Featheredfriday - Woodpeckers and Big Day

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Hello Feathered Friends Lovers,

It is Friday and I am very much looking forward to the weekend. As the days become shorter, the time I can spend outside birdwatching shortens. The weekend is the best for birding and I wish that it won't rain. Moreover, Saturday 9th is a Big Day. What does it mean? It means that everyone can spend some time birding and record in the checklist in https://ebird.org/news/october-big-day-2021. If you are interested check the link. It is simple and easy and you can do it even from home just watching through the window if the weather is not favourable. You can be a part of the thousands who will take part. If you know nothing about birds and birding, you can still participate and learn new things. It is fun and you can do it with kids and friends.

We also celebrate today and tomorrow the World Migratory Bird Day. Let me tell you what happened the other day. Hubby went with the dog for walk and fed the stray cats outside the entrance. Suddenly he heard thud and small birdie fell right next to the dog. He took it before the cats caught it and thought it was dead, but after giving a rub, the bird went off. Of what he has made as a picture it appeared to be Willow warbler, another migratory bird. I very much hope the little bird managed to find his way to the warmer places safe and sound.

For today I prepared series of photos of woodpeckers. They are not going to migrate and the more the trees loose their leaves, the better the woodpeckers to be spotted. I guess I will have new photos next days, but for now I will take the ones I made recently and not published yet.

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As you know my observations are mainly from the area where I live. I have mentioned before that the most common woodpecker here is the Syrian spotted, like the one on the photo.

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I hate when branches or leaves obscure the bird. I don't want to loose precious moments and keep on clicking. After that I always will sort out which photos to keep and post.

I think this is young male woodpecker. It is sheer luck for me to get sharp image of a bird taking off. The one below is far from best.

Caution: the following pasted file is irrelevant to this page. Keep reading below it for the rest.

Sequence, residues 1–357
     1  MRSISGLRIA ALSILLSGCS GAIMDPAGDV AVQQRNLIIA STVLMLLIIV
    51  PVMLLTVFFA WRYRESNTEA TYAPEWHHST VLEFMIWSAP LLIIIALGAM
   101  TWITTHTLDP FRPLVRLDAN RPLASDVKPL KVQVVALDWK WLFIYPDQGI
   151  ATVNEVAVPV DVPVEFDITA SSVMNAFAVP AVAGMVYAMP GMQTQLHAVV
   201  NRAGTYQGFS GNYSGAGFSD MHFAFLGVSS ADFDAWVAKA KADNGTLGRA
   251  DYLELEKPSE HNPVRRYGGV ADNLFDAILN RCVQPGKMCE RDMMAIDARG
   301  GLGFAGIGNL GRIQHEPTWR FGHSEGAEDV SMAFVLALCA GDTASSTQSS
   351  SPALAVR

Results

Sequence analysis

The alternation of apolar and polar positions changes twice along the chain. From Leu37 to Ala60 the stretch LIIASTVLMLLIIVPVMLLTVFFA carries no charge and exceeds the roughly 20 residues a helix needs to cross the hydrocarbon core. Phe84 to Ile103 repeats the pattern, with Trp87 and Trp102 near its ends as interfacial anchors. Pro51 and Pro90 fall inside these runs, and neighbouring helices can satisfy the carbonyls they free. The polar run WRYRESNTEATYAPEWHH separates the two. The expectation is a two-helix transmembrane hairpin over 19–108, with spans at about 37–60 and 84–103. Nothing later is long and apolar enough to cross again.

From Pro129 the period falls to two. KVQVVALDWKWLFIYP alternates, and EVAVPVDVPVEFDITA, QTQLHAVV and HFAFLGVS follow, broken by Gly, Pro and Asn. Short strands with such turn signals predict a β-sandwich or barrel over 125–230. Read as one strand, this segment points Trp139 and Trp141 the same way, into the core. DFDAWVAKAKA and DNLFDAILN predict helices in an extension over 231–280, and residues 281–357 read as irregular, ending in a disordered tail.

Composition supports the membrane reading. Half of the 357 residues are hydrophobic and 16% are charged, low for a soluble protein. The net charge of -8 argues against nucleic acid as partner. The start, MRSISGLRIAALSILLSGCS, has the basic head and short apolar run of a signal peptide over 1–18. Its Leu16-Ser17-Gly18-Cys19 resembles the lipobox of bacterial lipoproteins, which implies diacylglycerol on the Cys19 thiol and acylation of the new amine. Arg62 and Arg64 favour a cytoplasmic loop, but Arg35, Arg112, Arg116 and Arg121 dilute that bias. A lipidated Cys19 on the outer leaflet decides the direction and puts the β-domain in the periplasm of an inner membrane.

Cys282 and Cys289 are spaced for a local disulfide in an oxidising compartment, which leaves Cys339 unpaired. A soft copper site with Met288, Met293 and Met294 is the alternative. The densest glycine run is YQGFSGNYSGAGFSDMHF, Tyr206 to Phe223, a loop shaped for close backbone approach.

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Woodpeckers can be followed easily when they hop from branch to branch and fly to the nearest tree.

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Here I got few shots of the bird on the almond tree.

And looking back in the my photo files, here is a photo I did last month of the Great spotted woodpecker - female.

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Did you see the black line that starts from the beak and ends at the back of the head? This is the feature that distinguish Great Spotted from the Syrian.

In both species, the females have black cap while males have red. Always amazed by the hard work the woodpeckers do drilling the trees.


And that is all for now. The rain may spoil the pleasure of birding tomorrow, but I will try to do my checklist anyway. What about you. Are you going to join the Big Day?

Happy Birding

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10 comments
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👍Syrian and great spotted woodpeckers, close relatives.

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Yes, they are. I am pleased theybare living so close to my home.

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I keep forgetting to start contributing to ebird! Long since I've seen a woodpecker, great photos!

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Woodpeckers are pretty common here. The third one is the Green woodpecker, who we also see quite often. They were the first birds I have start watching and made me interested in birding.

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Ahahahah really????? The green woodpecker was probably the first species I spotted when I started birdwatching on my own too! :))

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Really? 😀
Honestly when I first saw it I was a bit surprised, because in my mind the woodpecker is black and white with red cap. Little did I know about the variety then.

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Yep! Remember it perfectly, since I had started working as volunteer in a wildlife rescue recently, and started to birwatch shortly after. It was one of the first times I birdwatched at my grandparent's village, and that beautiful woodpecker appeared shortly after I entered the woods!

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